GOFF: Will Corder’s Wishful Thinking Wisk Conservatives Away?

Y’all Politics’ Frank Corder Lazily Shills for the Establishment

By Trey Goff

One of the hallmarks of the establishment is their persistence in wishing conservatives would go away and stop bothering them so they can continue practicing their crony corporatist government syndicalism unimpeded by the likes of the grassroots.

Frank Corder’s latest cheerleading effort for his pals’ graft is no exception.

Corder’s domain consists exclusively of the subjunctive; he eschews reality in favor of “maybes” and “could’ves” in a poor attempt at marginalizing a man who is clearly a threat to his establishment comrades.

And though he writes from the Gulf Coast, Corder’s angle of perspective is couched from a view high atop the state capitol in Jackson, or, more likely, from the top of the Butler Snow law firm in Madison County.

Corder’s clear objective—to marginalize Michael Watson, a man who is quite obviously an up-and-coming star in the Republican Party—imbues every smarmy word he clicks into his keyboard. The tactics are familiar: project upon one’s opponents the character flaws most prominent in one’s self or in one’s preferred candidates.

Mr. Corder’s first wish? To paint Mr. Watson as arrogant by way of innuendo and hearsay. Corder then criticizes Senator Watson for keeping company with true reformers focused on preserving the integrity of Mississippi’s elections. That Mr. Corder is so desperate to construe Watson’s fight for good policy as irrelevant to the public policy process is evidence that Mr. Corder is less interested in good policy than in political expediency and his own personal access to power.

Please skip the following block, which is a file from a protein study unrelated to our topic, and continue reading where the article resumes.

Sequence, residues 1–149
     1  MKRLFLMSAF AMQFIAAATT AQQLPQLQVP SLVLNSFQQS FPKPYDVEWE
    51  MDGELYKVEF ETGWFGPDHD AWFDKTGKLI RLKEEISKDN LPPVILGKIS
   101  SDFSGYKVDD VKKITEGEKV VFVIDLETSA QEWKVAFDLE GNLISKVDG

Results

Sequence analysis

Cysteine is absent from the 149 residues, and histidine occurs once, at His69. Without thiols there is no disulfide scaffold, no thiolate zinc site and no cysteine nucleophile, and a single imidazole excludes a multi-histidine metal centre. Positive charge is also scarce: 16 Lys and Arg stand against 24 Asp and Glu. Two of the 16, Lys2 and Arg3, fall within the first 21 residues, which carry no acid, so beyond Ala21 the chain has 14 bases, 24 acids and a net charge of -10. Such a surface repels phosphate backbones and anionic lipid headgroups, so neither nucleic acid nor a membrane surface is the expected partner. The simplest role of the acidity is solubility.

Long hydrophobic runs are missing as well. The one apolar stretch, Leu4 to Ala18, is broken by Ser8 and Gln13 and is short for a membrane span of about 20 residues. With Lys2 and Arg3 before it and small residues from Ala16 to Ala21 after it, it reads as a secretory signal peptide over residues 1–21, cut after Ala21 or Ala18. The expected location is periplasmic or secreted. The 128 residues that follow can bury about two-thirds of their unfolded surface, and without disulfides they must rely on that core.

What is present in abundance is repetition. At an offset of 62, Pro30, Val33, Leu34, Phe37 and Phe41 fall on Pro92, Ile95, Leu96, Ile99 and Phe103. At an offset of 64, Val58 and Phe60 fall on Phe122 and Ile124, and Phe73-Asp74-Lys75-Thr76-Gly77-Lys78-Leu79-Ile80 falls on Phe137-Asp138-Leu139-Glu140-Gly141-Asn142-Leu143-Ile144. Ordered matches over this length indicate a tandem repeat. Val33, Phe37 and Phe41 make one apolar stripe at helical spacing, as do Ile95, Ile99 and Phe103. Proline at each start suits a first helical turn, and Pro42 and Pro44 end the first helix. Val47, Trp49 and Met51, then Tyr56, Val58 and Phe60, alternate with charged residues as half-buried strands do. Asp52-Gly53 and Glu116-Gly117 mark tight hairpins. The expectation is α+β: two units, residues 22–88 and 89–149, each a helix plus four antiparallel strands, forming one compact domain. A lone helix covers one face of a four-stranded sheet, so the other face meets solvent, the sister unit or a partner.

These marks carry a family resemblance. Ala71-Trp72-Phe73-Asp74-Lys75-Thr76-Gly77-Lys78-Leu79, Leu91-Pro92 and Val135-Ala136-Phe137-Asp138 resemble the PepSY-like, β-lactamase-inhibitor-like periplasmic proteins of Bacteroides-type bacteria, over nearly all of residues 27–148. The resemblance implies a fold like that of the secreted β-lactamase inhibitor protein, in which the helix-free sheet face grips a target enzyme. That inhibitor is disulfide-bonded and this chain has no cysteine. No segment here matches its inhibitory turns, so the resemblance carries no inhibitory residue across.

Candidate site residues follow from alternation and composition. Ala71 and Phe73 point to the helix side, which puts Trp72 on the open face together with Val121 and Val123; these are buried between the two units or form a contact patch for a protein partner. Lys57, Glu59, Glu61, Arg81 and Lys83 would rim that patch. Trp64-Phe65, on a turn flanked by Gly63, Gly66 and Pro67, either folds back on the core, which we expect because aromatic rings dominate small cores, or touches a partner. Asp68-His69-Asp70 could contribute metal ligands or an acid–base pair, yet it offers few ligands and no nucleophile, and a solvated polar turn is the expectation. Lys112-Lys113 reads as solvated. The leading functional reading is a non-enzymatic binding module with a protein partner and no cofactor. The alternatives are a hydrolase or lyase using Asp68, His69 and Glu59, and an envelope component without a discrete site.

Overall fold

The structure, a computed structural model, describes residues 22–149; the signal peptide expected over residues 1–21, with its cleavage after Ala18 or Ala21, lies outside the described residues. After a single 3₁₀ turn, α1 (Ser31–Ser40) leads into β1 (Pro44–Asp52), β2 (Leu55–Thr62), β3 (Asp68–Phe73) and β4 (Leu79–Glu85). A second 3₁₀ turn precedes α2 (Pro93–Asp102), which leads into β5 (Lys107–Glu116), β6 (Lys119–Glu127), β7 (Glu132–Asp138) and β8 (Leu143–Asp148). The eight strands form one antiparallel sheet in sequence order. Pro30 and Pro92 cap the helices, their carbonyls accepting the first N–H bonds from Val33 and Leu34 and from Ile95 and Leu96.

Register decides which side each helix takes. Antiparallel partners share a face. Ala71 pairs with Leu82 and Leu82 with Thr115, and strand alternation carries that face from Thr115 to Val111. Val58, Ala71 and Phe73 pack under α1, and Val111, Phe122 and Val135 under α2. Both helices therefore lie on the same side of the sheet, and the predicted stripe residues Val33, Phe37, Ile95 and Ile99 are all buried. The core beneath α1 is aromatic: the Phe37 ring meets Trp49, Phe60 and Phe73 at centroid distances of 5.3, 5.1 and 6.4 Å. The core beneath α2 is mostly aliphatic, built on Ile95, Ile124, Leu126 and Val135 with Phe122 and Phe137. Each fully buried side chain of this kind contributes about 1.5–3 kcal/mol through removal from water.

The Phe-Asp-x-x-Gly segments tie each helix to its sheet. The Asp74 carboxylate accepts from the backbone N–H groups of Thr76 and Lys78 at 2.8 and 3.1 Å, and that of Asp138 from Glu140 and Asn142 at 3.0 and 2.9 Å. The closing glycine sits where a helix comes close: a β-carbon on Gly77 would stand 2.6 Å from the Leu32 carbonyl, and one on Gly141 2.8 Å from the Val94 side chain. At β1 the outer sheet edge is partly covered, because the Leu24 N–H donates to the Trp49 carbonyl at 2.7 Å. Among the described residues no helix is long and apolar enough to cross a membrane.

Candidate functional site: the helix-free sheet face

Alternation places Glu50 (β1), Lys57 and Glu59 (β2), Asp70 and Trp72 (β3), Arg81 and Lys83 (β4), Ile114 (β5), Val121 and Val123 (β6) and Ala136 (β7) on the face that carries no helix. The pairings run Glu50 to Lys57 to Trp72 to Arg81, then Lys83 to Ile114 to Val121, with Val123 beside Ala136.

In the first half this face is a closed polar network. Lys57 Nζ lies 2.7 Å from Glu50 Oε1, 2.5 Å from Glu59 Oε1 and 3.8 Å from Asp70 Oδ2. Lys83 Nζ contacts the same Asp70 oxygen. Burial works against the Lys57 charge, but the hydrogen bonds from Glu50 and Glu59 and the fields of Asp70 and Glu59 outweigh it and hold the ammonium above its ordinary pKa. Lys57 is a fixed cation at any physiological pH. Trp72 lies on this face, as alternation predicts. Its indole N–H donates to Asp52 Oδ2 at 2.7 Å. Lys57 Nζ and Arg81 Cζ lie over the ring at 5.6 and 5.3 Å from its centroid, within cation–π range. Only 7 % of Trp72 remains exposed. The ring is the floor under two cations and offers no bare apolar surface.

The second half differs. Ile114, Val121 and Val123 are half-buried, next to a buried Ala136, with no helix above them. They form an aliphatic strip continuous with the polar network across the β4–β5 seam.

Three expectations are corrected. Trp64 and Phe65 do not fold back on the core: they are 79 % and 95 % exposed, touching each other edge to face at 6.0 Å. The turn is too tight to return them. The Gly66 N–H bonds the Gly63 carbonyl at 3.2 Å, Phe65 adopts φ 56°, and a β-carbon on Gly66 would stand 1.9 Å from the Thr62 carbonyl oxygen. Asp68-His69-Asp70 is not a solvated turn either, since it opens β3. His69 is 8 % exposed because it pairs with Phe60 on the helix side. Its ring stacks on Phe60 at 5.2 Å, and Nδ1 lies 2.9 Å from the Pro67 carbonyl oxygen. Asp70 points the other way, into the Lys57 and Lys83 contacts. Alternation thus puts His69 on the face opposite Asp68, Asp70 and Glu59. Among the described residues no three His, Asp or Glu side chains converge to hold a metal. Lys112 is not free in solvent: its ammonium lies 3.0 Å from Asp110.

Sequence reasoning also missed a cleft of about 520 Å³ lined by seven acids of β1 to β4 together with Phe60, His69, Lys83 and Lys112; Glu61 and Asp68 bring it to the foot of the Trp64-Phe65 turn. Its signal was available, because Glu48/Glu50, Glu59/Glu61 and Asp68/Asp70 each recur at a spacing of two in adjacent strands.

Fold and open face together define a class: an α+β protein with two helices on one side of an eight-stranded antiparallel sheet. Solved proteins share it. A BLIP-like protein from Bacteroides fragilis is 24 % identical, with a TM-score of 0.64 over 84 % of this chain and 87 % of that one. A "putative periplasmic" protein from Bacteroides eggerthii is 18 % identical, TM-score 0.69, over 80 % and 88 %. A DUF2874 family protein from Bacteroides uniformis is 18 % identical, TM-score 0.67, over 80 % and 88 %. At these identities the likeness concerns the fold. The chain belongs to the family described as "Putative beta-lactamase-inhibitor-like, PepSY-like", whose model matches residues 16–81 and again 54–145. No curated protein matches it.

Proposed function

Corder’s mental agility here is admirable. He somehow manages to avoid mentioning the arrogance of the Republican establishment—which sought to destroy conservatives by labeling them as racists during the Senate primary—and instead labels the very conservatives that were so heinously vilified as arrogant themselves.

Meanwhile, not one Republican official, aside from Trent Lott, who indicated that the Mississippi GOP “could use a shake-up, has spoken out against the despicable tactics Cochran and Henry Barbour employed against conservatives in June.

Corder’s cynicism seemingly knows no bounds. His next wish? That Lt. Governor Reeves’ ability to kill good conservative legislation for political reasons will somehow be seen as a negative by voters who desire reform. That wish is also unlikely to be granted.

After much hand wringing, Corder changes course, and predicts Watson will cruise to reelection in the senate without a hitch. He predicts Watson will win “despite his record,” revealing yet another wish. He desperately wants the echo chamber in Jackson to repeat his false refrain: “Watson hasn’t accomplished anything.”

The truth is Corder and the Jackson cognoscenti fear Watson because Watson has a stellar legislative record.

In the first year of Watson’s freshman term, he passed a form of E-verify legislation, with much crowing from Barbour et al., and his legislation became a model for the nation.